Today, research in this area has evolved to include a focus on the health promoting benefits of social enterprise (11). Numerous Canadian examples of WISE exist today, and better understanding their impact on the health and economic integration of vulnerable Canadians is the subject of a nationwide array of studies funded by Employment and Social Development Canada.  One of these is the Queen’s University led WISE Impact study, which focuses on WISE in the mental health sector. Our research partnership includes seven different social enterprises across Southern Ontario, all of whom are in the business of not only supplying valued goods and services to their communities, but also creating work and work training opportunities for people living with mental illness and/or addictions.  Our work qualitatively and quantitatively explores outcomes experienced by WISE workers, and the factors that lead to satisfying work lives in a very vulnerable population of individuals facing a challenging labour market. We have so far been able to create a profile of the type of individuals who choose WISE as a work entry option, and look forward to presenting results on their work, health and social outcomes.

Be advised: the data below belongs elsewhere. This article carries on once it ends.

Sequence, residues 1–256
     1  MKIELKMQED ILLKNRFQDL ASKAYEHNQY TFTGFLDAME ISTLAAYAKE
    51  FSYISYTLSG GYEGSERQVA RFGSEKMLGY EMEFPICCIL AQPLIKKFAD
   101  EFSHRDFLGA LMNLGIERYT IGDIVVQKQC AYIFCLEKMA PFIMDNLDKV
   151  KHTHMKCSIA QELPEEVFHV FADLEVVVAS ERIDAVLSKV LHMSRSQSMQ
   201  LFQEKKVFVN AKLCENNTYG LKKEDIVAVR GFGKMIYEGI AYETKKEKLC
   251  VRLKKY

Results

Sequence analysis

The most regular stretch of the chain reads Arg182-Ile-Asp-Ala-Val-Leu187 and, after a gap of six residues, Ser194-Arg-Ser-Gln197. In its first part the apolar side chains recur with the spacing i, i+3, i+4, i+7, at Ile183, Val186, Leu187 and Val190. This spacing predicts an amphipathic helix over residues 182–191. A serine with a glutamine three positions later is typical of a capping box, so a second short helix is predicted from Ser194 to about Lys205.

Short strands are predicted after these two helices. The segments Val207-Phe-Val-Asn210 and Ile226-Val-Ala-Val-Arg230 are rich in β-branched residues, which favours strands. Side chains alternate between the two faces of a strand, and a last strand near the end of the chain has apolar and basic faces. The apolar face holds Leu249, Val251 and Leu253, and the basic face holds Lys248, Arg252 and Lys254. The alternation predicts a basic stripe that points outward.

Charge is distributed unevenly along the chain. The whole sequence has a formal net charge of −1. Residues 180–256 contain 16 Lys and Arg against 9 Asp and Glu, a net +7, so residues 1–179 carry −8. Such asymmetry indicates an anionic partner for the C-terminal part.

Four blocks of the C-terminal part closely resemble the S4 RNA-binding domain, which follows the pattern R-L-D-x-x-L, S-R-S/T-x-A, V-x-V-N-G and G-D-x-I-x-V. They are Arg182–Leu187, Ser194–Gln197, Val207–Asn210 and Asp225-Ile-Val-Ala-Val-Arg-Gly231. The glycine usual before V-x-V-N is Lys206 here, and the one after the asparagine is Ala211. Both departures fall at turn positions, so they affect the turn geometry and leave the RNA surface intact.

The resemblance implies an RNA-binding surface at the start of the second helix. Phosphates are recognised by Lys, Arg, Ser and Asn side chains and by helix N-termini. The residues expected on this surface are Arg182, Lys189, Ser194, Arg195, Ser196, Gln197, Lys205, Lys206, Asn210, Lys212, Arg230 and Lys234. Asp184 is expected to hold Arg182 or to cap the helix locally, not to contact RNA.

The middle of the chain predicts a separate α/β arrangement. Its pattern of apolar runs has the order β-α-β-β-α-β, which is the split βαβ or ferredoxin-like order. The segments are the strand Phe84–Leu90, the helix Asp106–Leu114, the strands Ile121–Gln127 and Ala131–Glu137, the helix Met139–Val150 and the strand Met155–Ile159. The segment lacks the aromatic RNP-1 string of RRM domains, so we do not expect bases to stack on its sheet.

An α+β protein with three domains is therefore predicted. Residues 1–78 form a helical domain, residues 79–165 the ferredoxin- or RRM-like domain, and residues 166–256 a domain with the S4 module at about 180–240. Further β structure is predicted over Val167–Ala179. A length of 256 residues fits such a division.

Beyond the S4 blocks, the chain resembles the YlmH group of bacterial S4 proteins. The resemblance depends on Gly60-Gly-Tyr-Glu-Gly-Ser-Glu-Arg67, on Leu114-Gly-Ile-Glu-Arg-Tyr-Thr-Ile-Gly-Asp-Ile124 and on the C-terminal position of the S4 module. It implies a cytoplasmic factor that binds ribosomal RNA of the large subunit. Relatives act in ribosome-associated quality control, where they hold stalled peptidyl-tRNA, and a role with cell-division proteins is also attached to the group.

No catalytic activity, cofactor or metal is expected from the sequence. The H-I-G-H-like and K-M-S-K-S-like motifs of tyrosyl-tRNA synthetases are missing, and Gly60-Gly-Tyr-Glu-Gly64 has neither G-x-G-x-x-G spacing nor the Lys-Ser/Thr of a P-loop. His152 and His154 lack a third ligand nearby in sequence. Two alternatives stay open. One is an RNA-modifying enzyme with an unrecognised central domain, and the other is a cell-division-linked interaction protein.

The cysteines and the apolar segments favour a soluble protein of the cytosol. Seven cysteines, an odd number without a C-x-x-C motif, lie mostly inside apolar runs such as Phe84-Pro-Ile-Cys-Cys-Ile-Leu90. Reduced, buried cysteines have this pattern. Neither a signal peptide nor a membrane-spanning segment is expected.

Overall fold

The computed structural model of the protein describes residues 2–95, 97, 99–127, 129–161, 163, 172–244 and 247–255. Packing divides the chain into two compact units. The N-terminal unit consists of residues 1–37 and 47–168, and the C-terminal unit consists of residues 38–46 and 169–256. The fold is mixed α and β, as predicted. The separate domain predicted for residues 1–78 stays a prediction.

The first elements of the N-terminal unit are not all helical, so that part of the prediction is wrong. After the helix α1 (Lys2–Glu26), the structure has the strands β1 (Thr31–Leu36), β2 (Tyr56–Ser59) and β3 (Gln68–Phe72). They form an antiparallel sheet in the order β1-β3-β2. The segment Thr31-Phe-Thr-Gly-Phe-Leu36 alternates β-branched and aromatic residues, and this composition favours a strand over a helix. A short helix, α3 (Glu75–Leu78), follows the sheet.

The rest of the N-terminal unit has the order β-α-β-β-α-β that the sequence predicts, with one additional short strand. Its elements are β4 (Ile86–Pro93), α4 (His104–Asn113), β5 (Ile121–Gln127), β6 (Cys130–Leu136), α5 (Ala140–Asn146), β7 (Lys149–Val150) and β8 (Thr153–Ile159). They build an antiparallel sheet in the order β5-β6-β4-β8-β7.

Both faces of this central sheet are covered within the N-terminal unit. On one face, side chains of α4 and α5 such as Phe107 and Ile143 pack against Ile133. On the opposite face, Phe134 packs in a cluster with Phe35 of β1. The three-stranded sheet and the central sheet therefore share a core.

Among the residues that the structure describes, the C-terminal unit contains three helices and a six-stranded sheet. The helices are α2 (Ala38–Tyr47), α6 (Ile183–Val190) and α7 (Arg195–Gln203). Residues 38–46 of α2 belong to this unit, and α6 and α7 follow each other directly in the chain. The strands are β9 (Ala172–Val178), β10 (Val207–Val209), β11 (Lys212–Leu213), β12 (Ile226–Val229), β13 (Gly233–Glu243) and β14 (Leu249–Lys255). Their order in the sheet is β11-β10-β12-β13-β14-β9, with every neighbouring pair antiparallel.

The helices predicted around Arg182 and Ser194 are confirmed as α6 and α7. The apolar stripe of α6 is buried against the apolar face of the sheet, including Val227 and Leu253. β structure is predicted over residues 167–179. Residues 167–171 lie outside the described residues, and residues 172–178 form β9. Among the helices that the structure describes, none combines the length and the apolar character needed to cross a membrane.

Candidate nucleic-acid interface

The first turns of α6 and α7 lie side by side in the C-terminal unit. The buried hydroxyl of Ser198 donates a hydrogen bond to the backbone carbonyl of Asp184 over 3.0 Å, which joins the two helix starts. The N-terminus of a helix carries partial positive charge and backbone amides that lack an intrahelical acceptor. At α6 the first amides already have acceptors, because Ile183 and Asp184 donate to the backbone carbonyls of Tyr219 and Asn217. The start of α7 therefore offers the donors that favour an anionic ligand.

For more information on the WISE Impact project and our emerging findings, please visit https://rehab.queensu.ca/wise/home

  1.          Martin JC, Lewchuk W. The Generation Effect: Millennials, employment precarity and the 21st Century workplace. McMaster University; 2018.
  2.          Fleury D, Cahill E. Precarious Employment in Canada: An Overview. Hill Notes. November 21, 2018.
  3.          Jetha A. For millennials, employment is a public health challenge. The Conversation, Canadian edition. September 6, 2018.
  4.          Antonisse L, Garfield R. The Relationship Between Work and Health: Findings from a Literature Review. San Franciso: H.J. Kaiser Foundation; 2018.
  5.          Coleman N, Sykes, W. & Groom, C. . What works for whom in helping disabled people into work? Department for Work and Pensions Working Paper No. 120. London: Department for Work and Pensions; 2013.
  6.          Mithen J, Aitken Z, Ziersch A, Kavanagh AM. Inequalities in social capital and health between people with and without disabilities. Social Science & Medicine. 2015;126:26-35.
  7.          United Nations. United Nations Convention on the Rights of Persons with Disabilities; 2006.
  8.          International Labout Organization. Disability Inclusion Strategy and Action Plan 2014-17A twin-track approach of mainstreaming and disability-specific actions. Geneva: International Labout Office; 2015.
  9.          Yunus M. Building Social Business: The New Kind of Capitalism That Serves Humanity's Most Pressing Needs. Philadelphia: Public Affairs; 2010.
  10.        Warner R, Mandiberg J. An Update on Affirmative Businesses or Social Firms for People With Mental Illness. Psychiatric Services. 2006;57(10):1488-92.
  11.        Roy MJ, Lysaght R, Krupa TM. Action on the social determinants of health through social enterprise. CMAJ. 2017;189(11):E440-E1.